Joe Bonamassa is Zooming Total Guitar from his tour bus, California’s Interstate 5 rumbling under its wheels. “We’re popping our head up,” he says. “Remembering what it was like in the good old days. Then maybe we’ll get whacked back down. But we’ll get through the summer run, at least.”
Whatever the future may hold, for now this guitar great can resume the relentless concert work that’s helped make his name. But the recent enforced moratorium on live music seems to have changed him.
“Being semi-retired for a year and a half has given me a new lease of life,” he says. “The self-imposed pressure that probably made me very successful for a decade makes no sense anymore. If I can’t have fun making records and touring, then what’s the point? For about the last 15 years of my life everything was just on 10. If you get into that step-and-repeat, it weighs you down, and it almost broke me. So if I had to give myself advice, it’d be, ‘Have more fun.’”
There’s much fun to be had on Bonamassa’s new studio album. Time Clocks follows Royal Tea, his classy homage to the British Blues Explosion. That was recorded in the opulence of Abbey Road’s Studio One, while Time Clocks was cut over nine days in February at Germano Studios, New York City.
“We were still in pandemic fever,” Bonamassa says, “so we kept the personnel to a minimum, and did a New York-style record. I just grabbed a ’59 Les Paul Standard, a ’54 Strat, an old Tele, an Esquire and the one acoustic I have in New York – a rare, 00-18 shade top sunburst Martin from 1937.
“I grabbed two Fender Deluxes, and had one of my signature Fender Twins sent over so I had something with a bit of volume. The only pedals I remember using were a Klon and a wah. Usually I’m the guy with the full ‘ego set-up’; this time we literally loaded the gear into a cab and drove it down to the studio. But oddly enough, this is probably my most ambitious record, production-wise.”
If you’ve heard the epic, seven-minute lead single Notches – complete with tablas, didgeridoo and ‘sitar’ (actually a processed Rickenbacker 350 12-string) – you’ll know what he means. The album’s widescreen sound is down to Bonamassa’s long-time producer, Kevin Shirley.
Remarkably, while Bonamassa and band were recording on the floor in New York, Shirley was sitting at his studio desk in Sydney, Australia, and producing in real time via Zoom.
“We’d start at 2pm,” the guitarist says, “and Kevin would be up at 2am in Sydney. Both he and Germano have SSL Duality consoles, so through his own monitors Kevin could hear the sub-mixes of drums, guitar and bass as they went down, just with about a second of latency. On the first day it was a little bit weird – Kevin was on our screen grooving, about a second behind – but once you got your head around that it was okay.”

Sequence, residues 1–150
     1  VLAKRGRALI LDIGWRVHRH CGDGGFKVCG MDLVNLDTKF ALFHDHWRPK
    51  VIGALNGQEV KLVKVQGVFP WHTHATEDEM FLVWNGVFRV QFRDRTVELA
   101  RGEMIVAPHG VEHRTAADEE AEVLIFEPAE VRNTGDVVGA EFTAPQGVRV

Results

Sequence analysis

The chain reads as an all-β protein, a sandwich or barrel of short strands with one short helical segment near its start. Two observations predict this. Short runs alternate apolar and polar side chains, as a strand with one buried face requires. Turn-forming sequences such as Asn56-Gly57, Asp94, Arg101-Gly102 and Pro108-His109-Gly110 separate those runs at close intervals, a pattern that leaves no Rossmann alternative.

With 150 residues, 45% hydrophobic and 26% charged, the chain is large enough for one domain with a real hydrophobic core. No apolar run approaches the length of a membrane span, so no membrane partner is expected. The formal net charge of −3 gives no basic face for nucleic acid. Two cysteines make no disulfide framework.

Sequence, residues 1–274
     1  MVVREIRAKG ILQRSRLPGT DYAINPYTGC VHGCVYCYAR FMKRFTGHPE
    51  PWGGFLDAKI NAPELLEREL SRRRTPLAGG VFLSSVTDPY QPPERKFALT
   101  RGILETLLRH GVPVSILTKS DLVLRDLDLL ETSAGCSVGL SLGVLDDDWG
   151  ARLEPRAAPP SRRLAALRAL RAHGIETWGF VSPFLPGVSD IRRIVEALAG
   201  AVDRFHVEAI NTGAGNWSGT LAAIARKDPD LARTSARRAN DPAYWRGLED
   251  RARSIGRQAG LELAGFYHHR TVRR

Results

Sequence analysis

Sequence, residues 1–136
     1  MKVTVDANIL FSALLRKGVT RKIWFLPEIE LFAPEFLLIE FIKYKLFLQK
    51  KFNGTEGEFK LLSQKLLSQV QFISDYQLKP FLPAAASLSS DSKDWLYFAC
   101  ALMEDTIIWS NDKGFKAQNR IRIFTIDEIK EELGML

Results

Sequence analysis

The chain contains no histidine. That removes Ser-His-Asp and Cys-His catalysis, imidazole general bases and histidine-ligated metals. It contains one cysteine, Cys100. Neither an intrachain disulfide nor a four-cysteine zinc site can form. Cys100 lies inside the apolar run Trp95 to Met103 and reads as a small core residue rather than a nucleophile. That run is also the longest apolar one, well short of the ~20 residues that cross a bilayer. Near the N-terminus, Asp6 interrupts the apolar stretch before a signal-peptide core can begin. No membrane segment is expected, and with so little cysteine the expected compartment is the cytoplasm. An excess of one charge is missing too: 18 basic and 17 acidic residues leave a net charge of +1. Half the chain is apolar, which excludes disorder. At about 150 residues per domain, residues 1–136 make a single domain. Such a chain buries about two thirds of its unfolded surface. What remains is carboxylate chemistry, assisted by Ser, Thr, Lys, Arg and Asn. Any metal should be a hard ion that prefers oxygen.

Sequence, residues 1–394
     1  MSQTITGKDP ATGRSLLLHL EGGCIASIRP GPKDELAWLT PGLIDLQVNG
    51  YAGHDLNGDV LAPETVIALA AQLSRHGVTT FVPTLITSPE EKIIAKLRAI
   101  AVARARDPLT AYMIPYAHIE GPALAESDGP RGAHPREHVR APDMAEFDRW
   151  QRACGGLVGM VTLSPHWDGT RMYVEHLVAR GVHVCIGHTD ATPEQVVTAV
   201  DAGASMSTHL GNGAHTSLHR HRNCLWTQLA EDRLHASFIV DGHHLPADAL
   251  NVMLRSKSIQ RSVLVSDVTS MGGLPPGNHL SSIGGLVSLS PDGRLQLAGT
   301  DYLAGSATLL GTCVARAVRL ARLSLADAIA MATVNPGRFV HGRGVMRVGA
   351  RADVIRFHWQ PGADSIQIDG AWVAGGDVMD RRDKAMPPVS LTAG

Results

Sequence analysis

With final audio sent to Shirley, he then recruited artists including keyboardist Lachy Doley, backing vocalists Mahalia Barnes and Juanita Tippins, and Bonamassa’s long-term string arranger, Jeff Bova. The power ballad title track and The Loyal Kind (its folky, D Dorian intro riff doubled by acoustic and penny whistles) both stem from the Royal Tea writing sessions in London.
There’s a hint of The Bluesbreakers’ All Your Love in the strutting Question And Answers (its solo peppered with some tasty pinch harmonics), and a dash of Led Zeppelin circa Kashmir in Curtain Call, with its Arabian-sounding strings and exotic G – G#/G chord sequence.
“There's definitely nods to British rock,” the guitarist agrees. “We can’t help ourselves, especially Kevin, because we like that music so much. It’s fun to give things a different twist. It keeps us interested, which is good because after a while, you lose your barometer of ‘What are we making records for?’ You’ve just gotta ask, ‘Am I into this?’
“The nature of the material dictates where you’re at. These were big songs, we’ve done a lot of different kinds of records, so we thought, why not just go all out? I trust Kevin implicitly and when I heard the final album, I was like, ‘This thing sounds great!’”
So for this tour and beyond, he’s armed with fresh material, and a whole new perspective. After nearly 32 years of solid graft, of lining up one project after the next, Bonamassa is determined to smell the roses, to have fun: “Last year was the year off that I needed to take for myself, but never would have taken,” he says. “And now that we’re back, I’m ready to go to work.”
- Time Clocks is out now via Provogue / J&R Adventures.